Being away from the everyday routines, such as work, opened up the space to cry, which seemed to happen more often while travelling. For me, it felt more comfortable to cry while travelling. Perhaps this was because I was away from others I know so there was less pressure to act in a certain way. It felt freeing to just let it out.
I think sometimes in grief we create stories to protect ourselves from the reality that the person has gone, such as “they are just on holiday and will be back next week.” This is just our brains way of protecting us from the pain and stopping us becoming overwhelmed. One story I had was that he would be meeting us on the holiday and I would see him there but then when reality hit that I wouldn’t, this felt extremely crushing.
One of the things I noted was a pressure to do things. Perhaps this was because I was looking for a distraction from the difficult emotions, or because I felt whilst being away I needed to fully emerge into the experience, as I usually do. This included the need to feel I was speaking to new people and making new connections. However, while grieving you are already exhausted so the pressure of this was sometimes a lot to manage and I needed to escape and have a nap!
The other difficulty was wondering what to share with people when they, quite naturally, ask about your personal circumstances. I think this was particularly difficult for my mam because most people will notice the wedding ring and ask, “where is your husband?” You are then left with the dilemma to lie, to avoid having to share because you don’t want them to feel awkward or you don’t want to burst out crying. Or to be honest and open to whatever that brings up, both for you and the interaction with the other. This was challenging for us when we were cruising as these were people we would continue to see over the two weeks and it was still so raw for us. I don’t think there is a right or wrong in this; I would say to anyone that they should just go with their gut.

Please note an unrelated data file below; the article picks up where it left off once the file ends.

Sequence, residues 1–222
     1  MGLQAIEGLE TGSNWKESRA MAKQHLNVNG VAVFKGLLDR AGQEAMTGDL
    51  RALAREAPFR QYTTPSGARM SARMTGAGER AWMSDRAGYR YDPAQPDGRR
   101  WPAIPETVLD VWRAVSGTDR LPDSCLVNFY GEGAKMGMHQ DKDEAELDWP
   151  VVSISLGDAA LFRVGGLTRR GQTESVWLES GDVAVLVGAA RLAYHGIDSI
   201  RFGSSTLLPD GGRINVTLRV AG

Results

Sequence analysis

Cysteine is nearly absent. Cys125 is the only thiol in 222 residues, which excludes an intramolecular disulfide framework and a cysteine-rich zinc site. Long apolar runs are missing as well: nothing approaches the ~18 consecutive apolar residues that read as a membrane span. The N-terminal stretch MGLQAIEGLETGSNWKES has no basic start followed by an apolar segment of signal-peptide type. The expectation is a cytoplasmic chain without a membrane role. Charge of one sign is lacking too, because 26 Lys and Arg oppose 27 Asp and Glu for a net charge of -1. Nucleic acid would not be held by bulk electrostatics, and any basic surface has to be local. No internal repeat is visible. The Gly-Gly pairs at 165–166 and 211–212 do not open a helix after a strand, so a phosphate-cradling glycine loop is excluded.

Travelling solo or with a companion
If you travel solo you have space away from others, especially those who are also grieving, which can allow you time to process your own emotions. You may feel a renewed connection to the person who has died and have the sense that they would be proud that you had found the strength to keep going without them. This was my overall experience of travelling solo but there were also times I felt lonely and isolated.
To travel with others comes with its own challenges. If you travel with someone who is also grieving you could trigger each other and feel inclined to support them rather than yourself. However, someone who is also grieving understands your pain, shares that pain with you and therefore no “mask” is needed to hide your emotions to make others feel more comfortable. I also noticed that while travelling with someone who was grieving that you share special moments, reminisce and offer perfectly timed reassuring rubs or hand squeezes when the unavoidable “I wish he was here” moments arise. I found this incredibly healing and believe it strengthened our relationship. This showed me that despite the pain, you can also develop new, joyful memories with people you care about.
Where to travel